Now this one gets a little tricky, as it is based upon the hypothetical concept of time travel, and creating inconsistency by altering the past. This paradox is also sometimes referred to as Hitler's Murder Paradox. A time traveler goes back in time to kill his grandfather before he would meet his grandmother. As a direct result, the time traveler would never have existed in the first place to make the trip. So if he never existed, he could never go back in time and murder his grandparent, resulting in his undesired birth in the first place.
The Twin Paradox
The twin paradox is a thought experiment dealing with the laws of physics, in particular. The paradox involves identical twins - one who stays on Earth and the other who takes a high-speed rocket into space, only to return years later. When the space-traveling twin returns home, he finds that his twin on Earth had aged much more rapidly. The result is puzzling because each twin saw the other twin as moving.
Grandfather's Axe Paradox (Ship)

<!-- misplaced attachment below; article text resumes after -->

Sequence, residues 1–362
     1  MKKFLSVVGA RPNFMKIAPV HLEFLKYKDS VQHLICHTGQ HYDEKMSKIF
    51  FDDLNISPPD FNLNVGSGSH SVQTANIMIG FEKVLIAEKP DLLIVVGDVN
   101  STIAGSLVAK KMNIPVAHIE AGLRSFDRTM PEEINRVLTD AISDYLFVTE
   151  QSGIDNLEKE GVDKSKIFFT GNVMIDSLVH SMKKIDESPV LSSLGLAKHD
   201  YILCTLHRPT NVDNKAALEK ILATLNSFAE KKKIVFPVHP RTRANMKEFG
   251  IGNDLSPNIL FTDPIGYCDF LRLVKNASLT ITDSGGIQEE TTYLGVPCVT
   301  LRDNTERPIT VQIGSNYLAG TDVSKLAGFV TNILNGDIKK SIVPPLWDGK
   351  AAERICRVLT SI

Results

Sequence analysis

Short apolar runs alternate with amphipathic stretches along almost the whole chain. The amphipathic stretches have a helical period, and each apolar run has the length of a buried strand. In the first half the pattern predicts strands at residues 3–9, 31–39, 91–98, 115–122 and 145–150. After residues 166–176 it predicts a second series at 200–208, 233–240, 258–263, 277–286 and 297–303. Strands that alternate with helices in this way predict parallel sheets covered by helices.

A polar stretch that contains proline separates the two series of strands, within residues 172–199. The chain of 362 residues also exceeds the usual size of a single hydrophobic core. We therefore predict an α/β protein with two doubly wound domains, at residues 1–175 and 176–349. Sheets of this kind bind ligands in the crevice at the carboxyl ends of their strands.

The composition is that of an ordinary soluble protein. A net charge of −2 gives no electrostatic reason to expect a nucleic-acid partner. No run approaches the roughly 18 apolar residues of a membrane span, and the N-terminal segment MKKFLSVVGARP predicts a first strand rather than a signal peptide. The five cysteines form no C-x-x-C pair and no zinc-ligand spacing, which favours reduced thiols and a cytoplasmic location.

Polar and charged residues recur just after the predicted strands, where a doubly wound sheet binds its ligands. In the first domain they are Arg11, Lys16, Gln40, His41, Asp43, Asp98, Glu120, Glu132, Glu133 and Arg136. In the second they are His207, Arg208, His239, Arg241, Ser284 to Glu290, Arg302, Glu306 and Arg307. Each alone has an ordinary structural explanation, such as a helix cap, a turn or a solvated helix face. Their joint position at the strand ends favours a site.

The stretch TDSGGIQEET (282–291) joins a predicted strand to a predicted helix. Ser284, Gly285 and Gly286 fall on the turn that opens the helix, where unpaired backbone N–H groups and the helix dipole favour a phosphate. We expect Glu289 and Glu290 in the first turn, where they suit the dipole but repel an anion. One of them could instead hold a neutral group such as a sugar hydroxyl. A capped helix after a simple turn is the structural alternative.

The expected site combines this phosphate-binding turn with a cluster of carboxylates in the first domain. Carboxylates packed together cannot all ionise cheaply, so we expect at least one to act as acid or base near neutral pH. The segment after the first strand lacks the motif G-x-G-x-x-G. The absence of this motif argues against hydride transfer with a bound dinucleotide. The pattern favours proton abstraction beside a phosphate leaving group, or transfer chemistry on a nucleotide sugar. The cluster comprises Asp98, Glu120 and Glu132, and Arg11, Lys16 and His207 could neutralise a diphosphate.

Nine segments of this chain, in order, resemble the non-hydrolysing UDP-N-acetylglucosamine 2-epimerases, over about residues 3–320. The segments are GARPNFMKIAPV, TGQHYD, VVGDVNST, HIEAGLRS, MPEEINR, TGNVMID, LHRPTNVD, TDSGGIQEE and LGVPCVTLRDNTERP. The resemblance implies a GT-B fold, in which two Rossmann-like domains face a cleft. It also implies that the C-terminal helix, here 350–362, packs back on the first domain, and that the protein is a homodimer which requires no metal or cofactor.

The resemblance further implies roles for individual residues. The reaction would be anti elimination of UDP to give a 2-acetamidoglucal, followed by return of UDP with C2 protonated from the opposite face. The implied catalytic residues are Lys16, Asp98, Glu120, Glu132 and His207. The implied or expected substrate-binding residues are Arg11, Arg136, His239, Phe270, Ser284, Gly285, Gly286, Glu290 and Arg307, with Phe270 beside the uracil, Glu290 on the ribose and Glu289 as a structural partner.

The grandfather's axe paradoxically, is also known as the ship of Theseus paradox. Imagine you have an object, a ship, or in this example, your grandfather's wood-axe. Now throughout regular use, the axe becomes damaged; first the handle splits, so you go out and buy a replacement. Later, the head of the axe chips and grinding it down is no longer an option, so you set out to replace it with a new axe-head. It's at this point, the ancient Greek historian Plutarch, raised the question; if the entirety of an object is replaced piece by piece, does it truly remain the same object in question?
The Liar's Paradox
The liars paradox is best illustrated with a piece of paper, written upon it the line "this sentence is false". (now follow along) So if the line, "this sentence is false", is true, then it is indeed false; however, if the sentence claims that it is false, then it must truly be false. Though if it's false... then it must be true. And there within lies the paradox; it's an ongoing contradiction of conclusions formed by illustrating the common belief about what true and false actually means, and even though the phrase is completely in accordance with grammatical rules, there is no value to determine absolute truth.